Pakistan's Foreign Ministry "warmly welcomed the normalization of diplomatic relations" and added, "we firmly believe that this important diplomatic breakthrough will contribute to peace and stability in the region and beyond."
Agreement with Iran worries Israel.
The reaction of Israeli officials and the coverage of the Israeli media in response to the announcement of a Saudi-Iranian agreement indicated that Israel was highly concerned and affected by the restoration of Saudi-Iranian relations.
The agreement was announced amidst a problematic internal situation and sharp division in Israel. While Israel looks forward to normalizing relations with Riyadh, the agreement between Tehran and Riyadh may complicate this process.
And indeed, the effects of the sharp division emerged through the exchange of accusations about who bears responsibility for this agreement, as the leader of the Israeli opposition, Yair Lapid, described the restoration of relations between Saudi Arabia and Iran as “an utter and dangerous failure of the Israeli government's foreign policy,” currently led by Benjamin Netanyahu.
“This is what happens when you are focused on the judicial madness instead of doing the work against Iran and strengthening ties with the U.S.,” Lapid said, according to The Times of Israel.
In the same context, former Prime Minister Naftali Bennett criticized the resumption of Saudi-Iranian relations and blamed the Netanyahu government.
“The restoration of relations between the Saudis and Iran is a serious and dangerous development for Israel, representing an Iranian diplomatic victory. It represents a critical blow to building a regional coalition against Iran.
“This is a resounding failure of the Netanyahu government and is the result of diplomatic neglect, general weakness, and internal conflict in the country,” Bennett tweeted after the resumption was announced.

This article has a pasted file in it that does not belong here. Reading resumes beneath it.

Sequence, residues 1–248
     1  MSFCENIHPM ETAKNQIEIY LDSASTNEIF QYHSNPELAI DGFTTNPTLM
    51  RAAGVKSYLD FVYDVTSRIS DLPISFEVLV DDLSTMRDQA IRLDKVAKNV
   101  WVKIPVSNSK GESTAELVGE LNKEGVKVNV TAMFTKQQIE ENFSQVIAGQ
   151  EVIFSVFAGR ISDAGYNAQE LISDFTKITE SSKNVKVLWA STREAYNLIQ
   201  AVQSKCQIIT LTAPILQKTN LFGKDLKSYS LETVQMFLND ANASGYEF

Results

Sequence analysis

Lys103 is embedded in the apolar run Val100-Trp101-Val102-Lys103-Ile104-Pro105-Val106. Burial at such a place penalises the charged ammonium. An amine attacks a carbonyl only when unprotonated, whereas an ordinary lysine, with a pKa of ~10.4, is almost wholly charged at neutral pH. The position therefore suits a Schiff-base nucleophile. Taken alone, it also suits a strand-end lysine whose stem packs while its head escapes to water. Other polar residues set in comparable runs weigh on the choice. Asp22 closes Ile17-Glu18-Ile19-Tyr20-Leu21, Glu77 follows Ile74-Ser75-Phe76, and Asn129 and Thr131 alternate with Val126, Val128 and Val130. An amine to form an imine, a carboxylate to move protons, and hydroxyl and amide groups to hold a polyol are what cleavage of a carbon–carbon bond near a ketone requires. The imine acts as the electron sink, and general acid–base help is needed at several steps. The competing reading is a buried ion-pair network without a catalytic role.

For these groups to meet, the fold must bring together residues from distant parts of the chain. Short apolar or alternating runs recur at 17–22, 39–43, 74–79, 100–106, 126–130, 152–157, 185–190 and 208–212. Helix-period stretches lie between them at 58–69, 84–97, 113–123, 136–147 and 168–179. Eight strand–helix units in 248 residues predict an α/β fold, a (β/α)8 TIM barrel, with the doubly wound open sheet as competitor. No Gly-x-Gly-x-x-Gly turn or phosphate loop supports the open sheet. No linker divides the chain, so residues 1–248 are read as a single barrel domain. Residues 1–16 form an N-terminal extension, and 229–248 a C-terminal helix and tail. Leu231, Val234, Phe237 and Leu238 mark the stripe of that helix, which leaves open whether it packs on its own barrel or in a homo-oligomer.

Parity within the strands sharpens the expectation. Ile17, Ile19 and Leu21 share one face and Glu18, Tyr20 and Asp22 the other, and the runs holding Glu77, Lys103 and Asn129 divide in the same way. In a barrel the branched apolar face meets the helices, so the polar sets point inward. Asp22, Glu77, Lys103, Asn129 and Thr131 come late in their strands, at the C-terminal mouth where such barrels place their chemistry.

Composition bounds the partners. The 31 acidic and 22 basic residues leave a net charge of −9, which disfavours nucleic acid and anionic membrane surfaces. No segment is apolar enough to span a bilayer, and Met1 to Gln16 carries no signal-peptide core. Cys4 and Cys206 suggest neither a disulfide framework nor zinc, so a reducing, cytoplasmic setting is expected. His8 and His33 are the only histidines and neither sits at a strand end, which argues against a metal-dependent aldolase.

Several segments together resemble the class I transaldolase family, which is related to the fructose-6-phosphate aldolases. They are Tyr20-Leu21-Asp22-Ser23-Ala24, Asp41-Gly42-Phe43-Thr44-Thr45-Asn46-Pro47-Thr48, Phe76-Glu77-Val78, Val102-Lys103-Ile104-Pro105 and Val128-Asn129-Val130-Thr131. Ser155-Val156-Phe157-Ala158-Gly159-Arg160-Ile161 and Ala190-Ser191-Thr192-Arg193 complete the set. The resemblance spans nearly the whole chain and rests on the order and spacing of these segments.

Moreover, Yuli Edelstein, the head of the Foreign and Security Affairs Committee in the Israeli Knesset, considers the Saudi agreement with Iran “very bad for Israel and the entire free world'."
“The world does not stop while we are focused on power struggles and head-butting, especially not the worst of our enemies,” said Edelstein, voicing veiled criticism although he is a veteran MK in Netanyahu’s Likud party, The Times of Israel reported.
Furthermore, Former Defense Minister Benny Gantz described the renewal of relations between Saudi Arabia and Iran as a worrying development and blamed Netanyahu for it.
“As someone who was a partner for many years in the construction and maintenance of the moderate alliance - I state that the security of Israel and its citizens have been abandoned by Netanyahu, and these are the results.” Gantz tweeted.
The same concern was expressed by Carmela Menashe, a military analyst, where she said: "I think that Israel is very worried about this. And I ask, where was the intelligence, did they know, because we didn't know about it," according to Al Mayadeen channel.
On the other hand, Netanyahu tried to blame and attribute the Iranian-Israeli rapprochement to the previous Israeli government and the common weakness of the Biden administration. 'There was a feeling of American and Israeli weakness, so Saudi Arabia turned to other channels,' said a senior Israeli official, briefing reporters traveling with Netanyahu in Italy.
This narrative is propagated by Netanyahu supporters, who blame the previous government led by Naftali Bennett, claiming that the talks between Riyadh and Tehran began during the administration of Yair Lapid and Naftali Bennett. However, the negotiations between began Riyadh and Tehran began in April of that year when Netanyahu was still prime minister, The Times of Israel stated.
The senior Israeli official traveling with Netanyahu to Rome also stated that the process of normalizing and opening relations with Saudi Arabia would not be affected by the agreement, emphasizing Israel's efforts to establish diplomatic ties with Riyadh.
"Indeed, on Thursday, March 9th, both the American newspapers, "New York Times" and "Wall Street Journal," published Saudi's conditions for normalizing its relations with Israel as part of ongoing discussions between Saudi Arabia and the United States regarding the compensation requested by Riyadh in exchange for normalizing its relations with Israel, within the framework of expanding the scope of what is known as the "Abraham Accords" of 2020, one day before the agreement was expected to be signed in China."
“The Saudi crown prince is seeking a civilian nuclear program and security assurances from President Biden, a steep price for an agreement long sought by Israel.” according to The New York Times.
However, The Wall Street Journal predicted that Saudi demands could be an obstacle to completing the agreement, as Saudi Arabia had a U.S. security guarantee in addition to developing its civilian nuclear program.
In this regard, it is important to note that normalizing relations with Saudi Arabia was one of the most essential things Netanyahu was working for and promising to Israelis.